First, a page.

Longitudinal studies of patients with ALS demonstrated a number of important findings. First, though careful patient positioning and rigorous evaluator training resulted in reproducible measurements for individual muscles over time, reliability was increased if certain muscle groups were considered together. To be determined which muscle groups could most effectively be combined, Andres et al.  performed a factor analysis on strength data from single studies of 176 patients with ALS to determine how different muscle groups were intercorrelated. This analysis showed that muscles from the arms could effectively be combined, as could muscles form the legs. As absolute strength for different muscles can be vastly different, each muscle strength measurement was linearly transformed to a z score, using ALS population means and SDs for every muscle. Muscles in different body regions were then averaged to yield a more global value called a megascore. Declines in megascores for the arms and legs were, in general, very linear over time; however, significant differences were noted both from patient to patient and from one area of the body to another. Decline in leg strength was slightly slower than arm strength in patients with ALS patients .
Several studies have directly compared quantitative strength testing with MMT grading. Andres et al.  compared progression in patients with ALS using both TQNE and MMT grading, and noted that reproducibility and sensitivity to decline were both strikingly greater using quantitative evaluations. The Great Lakes ALS Consortium  evaluated both the effect of averaging strength in multiple muscles and the relative sensitivity to change with MMT testing and TQNE. Not surprisingly, the characteristics of the measure improved with number of muscles evaluated both for TQNE and MMT. However, for any given number of muscles averaged, the characteristics of TQNE were superior to that of MMT grading.
Quantitative isometric strength using the TQNE system has been used in several multicenter ALS trials. In a trial of celecoxib in ALS , no significant differences between celecoxib and placebo were found, including for muscle strength. As previously noted, leg strength declined slightly slower than arm strength. In a trial of topiramate in ALS , only arm strength was measured. A deleterious effect was found for topiramate on all measures; this effect was not statistically significant for the ALSFRS-R or for vital capacity, but was significant for the arm megascore. The percent difference over time between treatment groups was greatest for the arm megascore compared with other measures. A small, phase II study comparing talampenal 50 mg orally 3 times daily to placebo in 60 patients over 9 months showed a trend toward reduced strength loss in patients treated with talampenal; a subsequent phase III study using MMT testing did not confirm this finding .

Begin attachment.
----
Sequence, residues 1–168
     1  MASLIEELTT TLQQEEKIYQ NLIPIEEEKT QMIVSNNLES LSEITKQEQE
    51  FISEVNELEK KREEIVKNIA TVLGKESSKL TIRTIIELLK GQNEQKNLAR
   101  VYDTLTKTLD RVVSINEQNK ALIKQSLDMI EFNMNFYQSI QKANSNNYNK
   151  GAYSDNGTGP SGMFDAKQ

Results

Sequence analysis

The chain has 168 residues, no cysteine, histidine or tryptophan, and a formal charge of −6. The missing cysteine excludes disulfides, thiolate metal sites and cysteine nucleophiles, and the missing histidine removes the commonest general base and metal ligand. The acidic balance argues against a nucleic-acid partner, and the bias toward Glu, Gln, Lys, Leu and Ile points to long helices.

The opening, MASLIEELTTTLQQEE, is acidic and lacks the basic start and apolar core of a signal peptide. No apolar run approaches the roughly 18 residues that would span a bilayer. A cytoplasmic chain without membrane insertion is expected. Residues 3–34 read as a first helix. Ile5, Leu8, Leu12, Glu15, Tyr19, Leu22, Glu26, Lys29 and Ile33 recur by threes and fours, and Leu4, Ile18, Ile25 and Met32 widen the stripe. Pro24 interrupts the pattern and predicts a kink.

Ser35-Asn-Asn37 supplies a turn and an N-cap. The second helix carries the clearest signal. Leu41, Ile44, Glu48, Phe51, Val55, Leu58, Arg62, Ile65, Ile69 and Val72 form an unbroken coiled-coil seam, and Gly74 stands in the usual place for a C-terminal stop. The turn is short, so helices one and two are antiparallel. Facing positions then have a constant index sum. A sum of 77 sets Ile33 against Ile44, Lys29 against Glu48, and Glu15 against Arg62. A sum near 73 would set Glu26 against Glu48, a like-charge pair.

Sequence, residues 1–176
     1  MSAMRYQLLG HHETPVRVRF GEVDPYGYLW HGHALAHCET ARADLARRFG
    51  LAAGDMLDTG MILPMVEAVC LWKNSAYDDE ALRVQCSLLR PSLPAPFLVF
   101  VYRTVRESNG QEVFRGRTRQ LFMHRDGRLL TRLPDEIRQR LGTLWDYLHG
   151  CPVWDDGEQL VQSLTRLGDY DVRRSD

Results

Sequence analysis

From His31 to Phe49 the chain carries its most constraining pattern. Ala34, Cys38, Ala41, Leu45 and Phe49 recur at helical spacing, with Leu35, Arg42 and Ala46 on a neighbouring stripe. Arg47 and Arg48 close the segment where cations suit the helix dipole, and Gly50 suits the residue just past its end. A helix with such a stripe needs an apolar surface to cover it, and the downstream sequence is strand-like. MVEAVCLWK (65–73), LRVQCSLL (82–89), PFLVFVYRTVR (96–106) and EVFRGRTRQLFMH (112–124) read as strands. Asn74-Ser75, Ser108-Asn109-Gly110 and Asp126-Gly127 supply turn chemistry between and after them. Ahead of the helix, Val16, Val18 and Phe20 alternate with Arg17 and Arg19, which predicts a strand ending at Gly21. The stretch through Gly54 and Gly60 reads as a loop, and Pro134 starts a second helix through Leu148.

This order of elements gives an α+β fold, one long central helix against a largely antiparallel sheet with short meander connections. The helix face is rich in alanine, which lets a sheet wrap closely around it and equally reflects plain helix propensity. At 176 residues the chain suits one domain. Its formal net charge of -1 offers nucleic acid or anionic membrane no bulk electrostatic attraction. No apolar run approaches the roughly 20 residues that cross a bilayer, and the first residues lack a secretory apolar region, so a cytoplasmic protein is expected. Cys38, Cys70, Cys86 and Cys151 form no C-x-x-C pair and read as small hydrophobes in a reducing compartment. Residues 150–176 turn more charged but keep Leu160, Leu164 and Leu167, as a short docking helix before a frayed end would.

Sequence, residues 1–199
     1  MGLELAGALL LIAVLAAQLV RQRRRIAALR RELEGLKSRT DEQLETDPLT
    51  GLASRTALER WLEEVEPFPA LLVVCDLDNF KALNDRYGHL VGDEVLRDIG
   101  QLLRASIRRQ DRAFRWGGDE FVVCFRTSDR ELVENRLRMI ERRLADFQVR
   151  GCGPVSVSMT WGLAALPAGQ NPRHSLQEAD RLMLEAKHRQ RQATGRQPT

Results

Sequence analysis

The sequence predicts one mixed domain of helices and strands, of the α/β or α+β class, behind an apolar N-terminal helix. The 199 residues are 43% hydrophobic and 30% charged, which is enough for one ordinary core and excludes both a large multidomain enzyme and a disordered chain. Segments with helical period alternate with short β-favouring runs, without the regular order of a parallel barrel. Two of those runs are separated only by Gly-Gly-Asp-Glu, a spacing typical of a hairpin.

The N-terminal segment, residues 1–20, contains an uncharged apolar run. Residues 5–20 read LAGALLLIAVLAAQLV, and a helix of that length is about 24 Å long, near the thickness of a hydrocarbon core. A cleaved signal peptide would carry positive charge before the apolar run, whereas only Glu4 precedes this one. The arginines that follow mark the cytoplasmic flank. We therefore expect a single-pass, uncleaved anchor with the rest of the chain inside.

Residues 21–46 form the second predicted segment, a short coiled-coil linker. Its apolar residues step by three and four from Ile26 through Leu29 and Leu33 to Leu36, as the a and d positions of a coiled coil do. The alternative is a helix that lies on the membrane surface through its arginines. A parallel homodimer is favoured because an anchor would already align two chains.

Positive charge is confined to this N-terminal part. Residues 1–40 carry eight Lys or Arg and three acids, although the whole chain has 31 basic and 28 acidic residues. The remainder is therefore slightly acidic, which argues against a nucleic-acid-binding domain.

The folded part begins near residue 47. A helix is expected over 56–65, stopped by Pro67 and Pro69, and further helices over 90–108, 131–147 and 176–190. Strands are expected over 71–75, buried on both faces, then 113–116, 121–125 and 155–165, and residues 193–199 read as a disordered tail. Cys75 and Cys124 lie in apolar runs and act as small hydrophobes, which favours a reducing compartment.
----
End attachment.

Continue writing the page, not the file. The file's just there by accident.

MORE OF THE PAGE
Both natural history studies and clinical trial data show that quantitative strength testing using the TQNE apparatus provided high-quality, reproducible data on muscle strength. However, in the clinical trial setting, several aspects of testing proved problematic. First, the apparatus was quite large, requiring a full examination room. Many clinical trial sites found that committing a full room for testing that occurred occasionally at most was too great an investment. Second, to test all of the muscles suggested in the original evaluation required that patients assume a variety of positions on a physical therapy table, including fully supine and fully prone. Such position changes were fatiguing for many patients, and the appropriate positioning was not possible for patients who had orthopnea. Thus, as the trial progressed, an increasing number of patients were unable to complete the evaluation. In addition, a trained physical therapist or other clinician was required to perform the test.
To address these issues, the use of a hand-held dynamometer was proposed. Such dynamometers have been in frequent use in a variety of clinical situations, primarily to assess recovery after stroke or injury. In spinal cord-injured patients, use of a hand-held myometer was much more reliable than MMT testing . In the clinic, quantitative strength measurements with a hand-held device has been useful in a variety of neuromuscular diseases [17, 27]. In general, however, reproducibility was not as good for TQNE in most cases, and issues were raised about variability of both patient and evaluator positioning, as well as the fact that, for strong muscles, the strength of the evaluator might be less than the patient . Another source of variability lay in the fact that some protocols required a “break” in position while performing testing; that is, in order to perform a test successfully, the evaluator must overcome the muscle force exerted by the patient. This requires more evaluator strength than the “make” maneuver, in which the evaluator simply matches the strength exerted by the patient. However, in normal volunteers, there is < 3 % difference between forces measured in the make versus break technique, suggesting that evaluator muscle strength may be less of a source of variability than originally proposed .